Dick and Liddy

The origins and history of placenames, nicknames, local slang, etc.
LS13
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Postby LS13 » Sun 26 Dec, 2010 6:04 pm

I believe this has been asked before in a thread on odd Yorkshire sayings but don't think it was ever answered. Who were Dick and Liddy? Its a saying I've heard numerous times referring to a couple who seem happy/ comfortable in each others company eg 'Look at them two sat there like Dick and Liddy'.
It could be peculiar to Leeds and seems particularly well known in Kirkstall/Bramley areas. Google searches don't seem to bring anything conclusive up, but I'm sure someone on here will have an idea?
raveydavey
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Postby raveydavey » Sun 26 Dec, 2010 7:33 pm

Not Leeds, but I'm fairly sure there is a monthly "Dick and Liddy's Comedy Night" at the Victoria Theatre in Halifax.

I've not heard the expression before so it hadn't meant anything to me previously.
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Johnny39
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Postby Johnny39 » Sun 26 Dec, 2010 8:11 pm

"Dick & Liddy" is an expression I have been familiar with all my life. It was used by my mother to describe any two persons, even animals, who were inseparable. I heard her use the term to other people and they seemed to know what she meant, so it must have been a well known expression around Leeds. It would be interesting all the same to know its origins.
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BLAKEY
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Postby BLAKEY » Sun 26 Dec, 2010 9:23 pm

Just a vague possiblity - I wonder if there was a devoted couple of note somewhere locally long ago by the proper names of Richard and Lydia ??
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keyholekate
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Postby keyholekate » Sun 26 Dec, 2010 10:48 pm

I always thought that Dick and Liddy referred to two partners in crime as in The Watergate Scandal in the 70's. As in G. Gordon Liddy and Richard M. Nixon's crimes that led to his resignation.I am not sure though but remember my mother calling my brother and his pal that.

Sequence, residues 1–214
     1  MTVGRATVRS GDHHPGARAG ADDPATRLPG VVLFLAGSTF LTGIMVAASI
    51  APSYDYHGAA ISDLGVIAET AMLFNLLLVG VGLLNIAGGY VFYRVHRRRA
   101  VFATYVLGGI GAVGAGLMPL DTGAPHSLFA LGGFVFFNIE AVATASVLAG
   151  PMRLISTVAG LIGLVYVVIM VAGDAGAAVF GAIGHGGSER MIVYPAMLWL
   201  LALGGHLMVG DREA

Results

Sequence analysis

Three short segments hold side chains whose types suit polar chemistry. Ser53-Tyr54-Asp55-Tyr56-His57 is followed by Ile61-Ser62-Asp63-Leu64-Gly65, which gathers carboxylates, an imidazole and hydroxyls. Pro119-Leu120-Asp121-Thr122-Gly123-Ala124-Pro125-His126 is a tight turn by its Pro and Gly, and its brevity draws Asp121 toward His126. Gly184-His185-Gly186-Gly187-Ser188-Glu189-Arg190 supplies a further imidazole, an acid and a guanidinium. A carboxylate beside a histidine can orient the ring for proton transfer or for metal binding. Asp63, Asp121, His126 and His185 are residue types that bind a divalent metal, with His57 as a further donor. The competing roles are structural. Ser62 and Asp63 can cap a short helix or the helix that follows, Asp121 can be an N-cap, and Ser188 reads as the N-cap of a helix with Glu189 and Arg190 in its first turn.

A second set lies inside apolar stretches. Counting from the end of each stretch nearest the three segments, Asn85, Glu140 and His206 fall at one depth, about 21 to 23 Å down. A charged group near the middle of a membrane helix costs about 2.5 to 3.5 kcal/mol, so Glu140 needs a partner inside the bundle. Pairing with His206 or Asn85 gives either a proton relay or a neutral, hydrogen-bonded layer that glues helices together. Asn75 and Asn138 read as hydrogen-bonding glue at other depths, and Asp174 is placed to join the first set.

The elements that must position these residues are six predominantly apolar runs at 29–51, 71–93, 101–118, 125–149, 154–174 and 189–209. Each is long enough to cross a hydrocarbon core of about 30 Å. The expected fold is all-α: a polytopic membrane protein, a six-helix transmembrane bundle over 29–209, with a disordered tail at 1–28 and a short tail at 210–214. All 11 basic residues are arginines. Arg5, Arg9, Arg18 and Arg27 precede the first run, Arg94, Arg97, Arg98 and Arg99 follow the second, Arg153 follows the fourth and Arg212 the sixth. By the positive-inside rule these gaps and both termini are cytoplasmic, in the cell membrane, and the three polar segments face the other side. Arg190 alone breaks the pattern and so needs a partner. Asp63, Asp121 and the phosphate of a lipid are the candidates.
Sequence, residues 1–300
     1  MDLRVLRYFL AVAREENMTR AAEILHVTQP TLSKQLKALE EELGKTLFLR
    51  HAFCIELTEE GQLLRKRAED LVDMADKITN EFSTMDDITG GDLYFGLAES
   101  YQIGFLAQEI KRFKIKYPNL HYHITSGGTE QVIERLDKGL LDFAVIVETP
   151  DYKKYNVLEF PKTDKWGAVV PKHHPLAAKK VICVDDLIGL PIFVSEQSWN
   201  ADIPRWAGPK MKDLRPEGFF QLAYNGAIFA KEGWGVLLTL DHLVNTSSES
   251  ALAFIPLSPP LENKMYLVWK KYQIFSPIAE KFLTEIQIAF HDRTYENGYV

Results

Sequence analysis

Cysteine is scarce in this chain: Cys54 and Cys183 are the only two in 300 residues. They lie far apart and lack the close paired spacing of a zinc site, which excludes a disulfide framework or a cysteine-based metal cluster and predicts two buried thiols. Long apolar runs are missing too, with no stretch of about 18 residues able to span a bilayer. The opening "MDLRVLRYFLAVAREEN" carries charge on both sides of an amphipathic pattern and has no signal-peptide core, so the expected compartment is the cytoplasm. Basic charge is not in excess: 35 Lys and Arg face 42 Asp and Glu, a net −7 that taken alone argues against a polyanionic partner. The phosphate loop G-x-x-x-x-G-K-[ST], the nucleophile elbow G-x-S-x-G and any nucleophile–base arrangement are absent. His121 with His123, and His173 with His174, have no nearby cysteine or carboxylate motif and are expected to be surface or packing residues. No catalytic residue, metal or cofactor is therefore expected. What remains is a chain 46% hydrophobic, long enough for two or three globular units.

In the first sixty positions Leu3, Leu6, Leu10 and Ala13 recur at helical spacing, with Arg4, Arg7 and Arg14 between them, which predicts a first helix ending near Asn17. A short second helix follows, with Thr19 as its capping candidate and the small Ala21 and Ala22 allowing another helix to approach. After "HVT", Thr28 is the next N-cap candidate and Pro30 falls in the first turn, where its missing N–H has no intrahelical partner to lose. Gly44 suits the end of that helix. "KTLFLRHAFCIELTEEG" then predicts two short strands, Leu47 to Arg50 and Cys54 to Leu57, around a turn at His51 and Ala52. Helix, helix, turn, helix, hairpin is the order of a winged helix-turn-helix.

morleyhall
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Postby morleyhall » Sun 26 Dec, 2010 11:37 pm

raveydavey wrote:
Not Leeds, but I'm fairly sure there is a monthly "Dick and Liddy's Comedy Night" at the Victoria Theatre in Halifax.

I've not heard the expression before so it hadn't meant anything to me previously.


I think you could be onto something with comedy. Perhaps they were a long forgetten comedy double act.

Most of the stuff I looked at on Google suggested Yorkshire origins, but I've heard it used in Lancashire aswell.

LS1
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Postby LS1 » Mon 27 Dec, 2010 1:24 am

Something similar to Darby and Joan perhaps?
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Steve Jones
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Postby Steve Jones » Tue 28 Dec, 2010 12:16 am

2 comments I found on internet threads by Googling ,suggested 1. a 1940's radio show characters or 2. an old music hall act.
The latter seemed more likely although I haven't found anything regarding it.I did find out that the old music hall star Nellie Wallace was actually Eleanor Liddy, as she married someone called Liddy (it is an Irish name apparently) but I haven't found a biography of her on the net giving details of her husband, so don't know whether this was a co-incidence or not.
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dogduke
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Postby dogduke » Tue 28 Dec, 2010 1:58 am

Its a very friendly term which I have known for donkey's
yonks.It must go back back goodness knows how long.
I feel that it is a truly honest Leeds/Yorkshire thing.
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LS13
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Postby LS13 » Thu 30 Dec, 2010 2:07 pm

keyholekate wrote:
I always thought that Dick and Liddy referred to two partners in crime as in The Watergate Scandal in the 70's. As in G. Gordon Liddy and Richard M. Nixon's crimes that led to his resignation.I am not sure though but remember my mother calling my brother and his pal that.


Thats an interesting theory that I havent heard before. However anecdotal evidence does suggest Dick and Liddy was in use before the 70's. If thats the case, its strange how another 'Dick and Liddy' came to be partners in crime given the relatively unusual names!

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